GLF Elevator - Table of Contents
Curtiss Malting/Agway Warehouse
1100 Niagara St., Buffalo, NY
Warehouse and elevator 1921
|The GLF elevator
is one of the most striking in Buffalo, with the two towers on either
end rising powerfully above the silos themselves. The history of
the Grange League Federation cooperative is fascinating, and closely
linked to Buffalo, but stretches out across the eastern US.
The GLF in Buffalo started in 1920 at the 1898 Curtiss Malthouse at 1100 Niagara Street
- Anthony O. James, R.A.
building at 1100 Niagara Street is set on a large slightly trapezoidal
corner lot, located on the west side of the street at the south end of
the block between Albany Street and Gull Street.
Niagara Street is a longstanding thoroughfare in the far west of the neighborhood along the river. Already laid out in 1809, Broadway as it was originally called, connected Buffalo with Niagara Falls. Though currently dominated by aging industrial and commercial properties, Niagara was once a residential street with a number of fine dwellings - Buffalo’s first Delaware Avenue. The transformation of Niagara Street from residential to industrial began in the 1880s and 1890s.
The property is located in the far south western section of the Grant-Ferry-Forest neighborhood.
An early twentieth century, urban, factory building complex. Multiple components- main multiple story front gabled building, added single- story warehouse section at the south, a reinforced concrete grain elevatoat the rear, and additional outbuildings. Main structure distinguished by stepped parapet, extensive corbelling, and large elongated arched windowing arranged in pairs and spaced by subtle pilasters and recessed panels.
The building at 1100 Niagara Street is significant as a good representative example of an early twentieth century, urban, brick, factory building complex.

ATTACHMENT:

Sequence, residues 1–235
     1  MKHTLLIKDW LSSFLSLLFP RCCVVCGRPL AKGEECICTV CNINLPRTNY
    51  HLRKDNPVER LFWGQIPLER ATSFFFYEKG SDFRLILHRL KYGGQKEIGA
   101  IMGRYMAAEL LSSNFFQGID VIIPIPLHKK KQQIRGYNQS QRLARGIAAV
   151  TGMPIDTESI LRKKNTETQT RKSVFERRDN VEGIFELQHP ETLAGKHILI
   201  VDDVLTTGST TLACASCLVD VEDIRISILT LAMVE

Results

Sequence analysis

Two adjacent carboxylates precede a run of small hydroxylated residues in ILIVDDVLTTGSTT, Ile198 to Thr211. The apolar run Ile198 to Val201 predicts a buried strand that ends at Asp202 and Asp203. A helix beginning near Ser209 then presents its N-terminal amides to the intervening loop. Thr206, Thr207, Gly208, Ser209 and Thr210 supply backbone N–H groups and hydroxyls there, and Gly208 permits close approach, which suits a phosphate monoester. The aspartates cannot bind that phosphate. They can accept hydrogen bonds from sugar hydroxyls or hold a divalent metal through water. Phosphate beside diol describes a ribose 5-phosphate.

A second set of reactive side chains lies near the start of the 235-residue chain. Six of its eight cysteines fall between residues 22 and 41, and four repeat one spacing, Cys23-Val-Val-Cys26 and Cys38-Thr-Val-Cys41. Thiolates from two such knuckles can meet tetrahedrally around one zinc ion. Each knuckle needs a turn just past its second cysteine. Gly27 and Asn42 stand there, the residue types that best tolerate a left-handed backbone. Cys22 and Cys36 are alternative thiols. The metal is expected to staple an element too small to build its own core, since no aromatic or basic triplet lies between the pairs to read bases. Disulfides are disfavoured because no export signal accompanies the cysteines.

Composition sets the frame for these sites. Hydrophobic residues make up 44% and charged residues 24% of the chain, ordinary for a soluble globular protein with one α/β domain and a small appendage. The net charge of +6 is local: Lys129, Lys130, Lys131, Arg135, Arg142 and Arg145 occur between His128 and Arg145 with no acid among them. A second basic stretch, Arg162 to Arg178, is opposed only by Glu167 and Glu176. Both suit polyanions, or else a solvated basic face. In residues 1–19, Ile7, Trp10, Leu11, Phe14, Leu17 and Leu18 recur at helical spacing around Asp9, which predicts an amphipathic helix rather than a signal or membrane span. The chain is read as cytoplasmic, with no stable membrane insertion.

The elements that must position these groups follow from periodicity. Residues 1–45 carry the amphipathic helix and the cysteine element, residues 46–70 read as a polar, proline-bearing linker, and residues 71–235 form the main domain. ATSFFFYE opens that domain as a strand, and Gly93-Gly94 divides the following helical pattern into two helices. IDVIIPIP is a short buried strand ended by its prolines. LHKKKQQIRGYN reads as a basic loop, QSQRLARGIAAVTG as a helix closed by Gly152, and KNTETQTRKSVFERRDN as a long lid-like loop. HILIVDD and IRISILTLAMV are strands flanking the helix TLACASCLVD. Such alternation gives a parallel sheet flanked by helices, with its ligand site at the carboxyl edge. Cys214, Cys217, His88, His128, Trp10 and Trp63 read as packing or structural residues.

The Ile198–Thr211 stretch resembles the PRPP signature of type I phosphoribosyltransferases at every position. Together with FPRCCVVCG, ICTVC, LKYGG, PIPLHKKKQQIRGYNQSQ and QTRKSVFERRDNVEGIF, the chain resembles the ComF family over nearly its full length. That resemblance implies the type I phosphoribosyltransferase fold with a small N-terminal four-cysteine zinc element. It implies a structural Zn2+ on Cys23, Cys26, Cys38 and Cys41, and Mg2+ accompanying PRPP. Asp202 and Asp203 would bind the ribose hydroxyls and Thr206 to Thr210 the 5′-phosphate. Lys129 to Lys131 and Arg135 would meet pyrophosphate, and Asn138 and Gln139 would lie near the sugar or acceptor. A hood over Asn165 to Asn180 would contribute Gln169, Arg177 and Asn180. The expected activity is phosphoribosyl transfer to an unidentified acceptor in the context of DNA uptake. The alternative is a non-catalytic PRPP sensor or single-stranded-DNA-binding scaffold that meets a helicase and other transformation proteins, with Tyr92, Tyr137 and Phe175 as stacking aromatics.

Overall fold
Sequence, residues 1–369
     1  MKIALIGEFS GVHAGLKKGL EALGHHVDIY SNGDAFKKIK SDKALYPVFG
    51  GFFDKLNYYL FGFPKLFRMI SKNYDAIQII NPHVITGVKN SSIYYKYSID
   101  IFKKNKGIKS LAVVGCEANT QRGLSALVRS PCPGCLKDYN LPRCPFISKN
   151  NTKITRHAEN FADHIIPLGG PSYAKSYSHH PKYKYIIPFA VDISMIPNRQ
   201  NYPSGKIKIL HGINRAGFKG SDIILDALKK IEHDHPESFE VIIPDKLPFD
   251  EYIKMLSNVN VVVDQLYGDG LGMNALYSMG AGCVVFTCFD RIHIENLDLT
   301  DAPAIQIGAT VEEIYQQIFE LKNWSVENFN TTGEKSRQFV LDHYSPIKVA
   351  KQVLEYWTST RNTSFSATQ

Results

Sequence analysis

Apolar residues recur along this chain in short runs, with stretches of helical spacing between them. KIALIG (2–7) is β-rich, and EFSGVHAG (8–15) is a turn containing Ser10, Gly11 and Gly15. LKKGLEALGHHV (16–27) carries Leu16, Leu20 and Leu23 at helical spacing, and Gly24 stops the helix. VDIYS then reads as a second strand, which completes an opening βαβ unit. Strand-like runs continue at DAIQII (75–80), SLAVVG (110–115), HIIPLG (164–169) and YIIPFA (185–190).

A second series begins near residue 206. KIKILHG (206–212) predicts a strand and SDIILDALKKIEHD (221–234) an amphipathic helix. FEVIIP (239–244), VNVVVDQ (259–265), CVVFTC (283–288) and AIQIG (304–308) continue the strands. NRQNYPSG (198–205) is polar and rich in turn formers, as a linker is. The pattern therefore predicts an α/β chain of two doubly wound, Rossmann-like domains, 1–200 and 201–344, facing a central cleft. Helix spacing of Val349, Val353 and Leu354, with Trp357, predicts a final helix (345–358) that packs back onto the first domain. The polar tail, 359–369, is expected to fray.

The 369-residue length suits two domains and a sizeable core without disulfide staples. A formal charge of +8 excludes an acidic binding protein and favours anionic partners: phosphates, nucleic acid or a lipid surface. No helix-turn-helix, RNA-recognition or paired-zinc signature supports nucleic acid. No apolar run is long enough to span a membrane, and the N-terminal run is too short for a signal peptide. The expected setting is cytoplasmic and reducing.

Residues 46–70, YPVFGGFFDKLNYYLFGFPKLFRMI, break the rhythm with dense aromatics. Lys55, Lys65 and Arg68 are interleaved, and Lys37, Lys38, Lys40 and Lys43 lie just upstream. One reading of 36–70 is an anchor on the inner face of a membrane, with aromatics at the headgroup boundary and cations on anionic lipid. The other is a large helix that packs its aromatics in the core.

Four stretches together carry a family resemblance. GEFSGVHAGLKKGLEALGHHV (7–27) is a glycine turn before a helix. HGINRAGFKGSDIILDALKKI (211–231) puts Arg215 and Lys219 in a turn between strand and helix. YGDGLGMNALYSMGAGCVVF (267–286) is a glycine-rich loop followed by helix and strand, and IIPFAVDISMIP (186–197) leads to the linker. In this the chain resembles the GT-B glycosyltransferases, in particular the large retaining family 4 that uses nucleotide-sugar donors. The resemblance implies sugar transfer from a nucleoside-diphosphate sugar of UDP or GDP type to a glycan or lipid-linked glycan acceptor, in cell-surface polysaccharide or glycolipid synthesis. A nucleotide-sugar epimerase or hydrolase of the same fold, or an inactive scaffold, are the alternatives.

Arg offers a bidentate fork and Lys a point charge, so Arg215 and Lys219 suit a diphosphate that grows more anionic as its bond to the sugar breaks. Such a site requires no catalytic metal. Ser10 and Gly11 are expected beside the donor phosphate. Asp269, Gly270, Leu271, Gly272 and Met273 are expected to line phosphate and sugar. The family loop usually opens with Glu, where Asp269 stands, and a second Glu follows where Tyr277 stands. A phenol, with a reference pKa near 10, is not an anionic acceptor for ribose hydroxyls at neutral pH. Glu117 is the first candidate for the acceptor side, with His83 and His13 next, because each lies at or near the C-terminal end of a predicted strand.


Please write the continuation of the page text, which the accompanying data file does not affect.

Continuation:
Built as the malt house of the Charles G. Curtiss Malting Co., the main section originally housed the malting drums.
It is especially noteworthy for the stepped front gable and extensive corbelling.
A reinforced concrete grain elevator was added at the rear in 1921, and a 1-story warehouse addition was appended to the south side; the facility was then used as a grain and feed supply house for the Co-operative Grange League Federation Exchange.
|Photos © 2015 Newell Nussbaumer
Reprinted with poermission from Queenseyes, Exposing the Curtiss Malting building, posted on Buffalo Rising on Aug. 13, 2015
"Those of us overly familiar with Niagara Street, near Rich Products, might have noticed a recent scheduled demolition that helped to expose the entire facade of the semi-hidden Agway Warehouse (1100 Niagara Street). The outlying structures that were demolished were not part of the original 1880s-90s structure, rather they were 1920s add-ons that essentially took away from aesthetic grandeur of the Agway." - Queenseyes, "Exposing the Curtiss Malting Building," on Buffalo Rising, August 13, 2015
|Photos © 2015 Chuck LaChiusa
East elevation ... Queen Anne Commercial style ... Crow-stepped gable ... Corbel table
Note transom window